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Agrimarketing : February 2009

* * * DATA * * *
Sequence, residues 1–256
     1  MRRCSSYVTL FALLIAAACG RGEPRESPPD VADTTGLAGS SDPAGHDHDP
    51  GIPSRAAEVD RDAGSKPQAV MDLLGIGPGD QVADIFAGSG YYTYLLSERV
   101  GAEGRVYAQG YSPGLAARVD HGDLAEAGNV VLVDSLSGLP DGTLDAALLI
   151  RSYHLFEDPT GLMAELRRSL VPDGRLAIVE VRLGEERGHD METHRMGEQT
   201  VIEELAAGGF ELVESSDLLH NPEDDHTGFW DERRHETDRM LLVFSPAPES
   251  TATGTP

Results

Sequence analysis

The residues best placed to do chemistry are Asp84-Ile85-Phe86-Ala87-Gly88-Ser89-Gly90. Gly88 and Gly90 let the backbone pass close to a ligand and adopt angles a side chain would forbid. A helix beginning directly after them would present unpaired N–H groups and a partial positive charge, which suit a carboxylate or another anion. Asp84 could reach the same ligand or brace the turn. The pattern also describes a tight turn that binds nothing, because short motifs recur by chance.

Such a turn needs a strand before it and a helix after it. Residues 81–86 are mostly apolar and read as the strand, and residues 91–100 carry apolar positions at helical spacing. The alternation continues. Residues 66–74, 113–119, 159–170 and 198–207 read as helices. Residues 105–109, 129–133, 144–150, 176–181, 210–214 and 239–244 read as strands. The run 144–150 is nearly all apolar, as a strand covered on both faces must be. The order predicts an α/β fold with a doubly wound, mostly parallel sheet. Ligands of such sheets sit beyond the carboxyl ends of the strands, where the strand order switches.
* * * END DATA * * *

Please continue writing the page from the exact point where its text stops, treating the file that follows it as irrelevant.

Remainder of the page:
Sales and Marketing Insights from Purdue University BALANCENEEDS,VALUESAND INNOVATIONTOMAKESALES by Joseph Suttles and Dr.Allan Gray I t used to be pretty easy for agri- marketers to describe customers based on their distinct buying preferences. Somewere price buyers. Others justwanted convenience. And, a fewmade decisions based only on performance or service. But, now,agri-marketers are faced with a large group of balance buyers —farmerswhomake purchases based on a combination of customer service, convenience and support ser- vices. Plus, they still expect high per- formance at a fair price. The 2008 Large Commercial Pro- ducer Survey,conducted by Purdue University’s Center for Food and Agricultural Business, found that more than half of the 2,500 farmers surveyed are balance buyerswhen making seed and crop protection chemical purchases (see Figures 1 and 2). This segment (69%and 59% respectively) has grown significantly Fig. 1 price, product and support services). This change presents both challenges and opportunities for agri- marketers. Toproperly position themselves in this newmarket land- scape, agri-marketers must think beyond only a farmer’s needs and, instead, discoverwhat values drive those needs. Then, theymust take what they discover and find innova- tiveways to serve their customers in these uncertain, volatile times. Since producers fit into specific buying segments, it’s not surprising that their values differ, aswell.How- ever, Purdue researchers have identi- fied common values across the seg- ments that agri-marketers can use to their advantage. Fig. 2 LOCAL HAS LEVERAGE Farmers value their local commu- nity.They like the idea of supporting peoplewho live andwork in their area, and that oftenmeans they have some level of loyalty to their local input suppliers. It doesn’tmean they will accept lower standards from those in their local community,but with all else equal, they prefer to do business locally. GET TO KNOWTHEM Producers also place high value on relationships.Agri-marketers gain business by bringing value to a farmer,but it is through strong, posi- tive relationships that they can help extend the length of time that they keep a farmer’s business. fromfive years agowhen the same survey results indicated only 34%of farmers desired a balance of the five decision influencers (conve- nience/location, customer service, 48 AgriMarketing s January/February 2009 HONESTY IS THE BEST POLICY Above all, farmers value honesty. Theywant toworkwith sincere, honest peoplewho are always dependable and looking out for their best interest. Agri-marketers are facing the challenge of meeting their customer’sneeds and values in newand innovativeways. STAND OUT THROUGH INNOVATION Even after agri-marketers haveman- aged to alignwith their customers’ values and havemet all of their needs, the job is not finished. To stand out fromcompetitors, agri- marketersmust deliver their prod- ucts and services in newand innova- tiveways. They need to properly position their people, bring novel ideas and approaches to theway they do business, listen carefully to customers, and respond quickly to changes inmarket conditions. They must also effectively and efficiently communicatewith their customers inwaysmost convenient to the cus- tomer, not themselves. It’s clear that today’s producers want it allwhenmaking buying deci- sions. The challenge for agri-marketers is howto give it to themand remain profitable. By satisfying their cus- tomer’s needs and values in innova- tiveways, agri-marketers can position themselves to be the provider of choice in today’s volatile agricultural marketplace. AM Joseph Suttles is amaster’sstudent in agricultural economics at Purdue University. Dr.Allan Gray is the Interim Director of the Center for Food and Agricultural Business and a Professor of agricultural economics.
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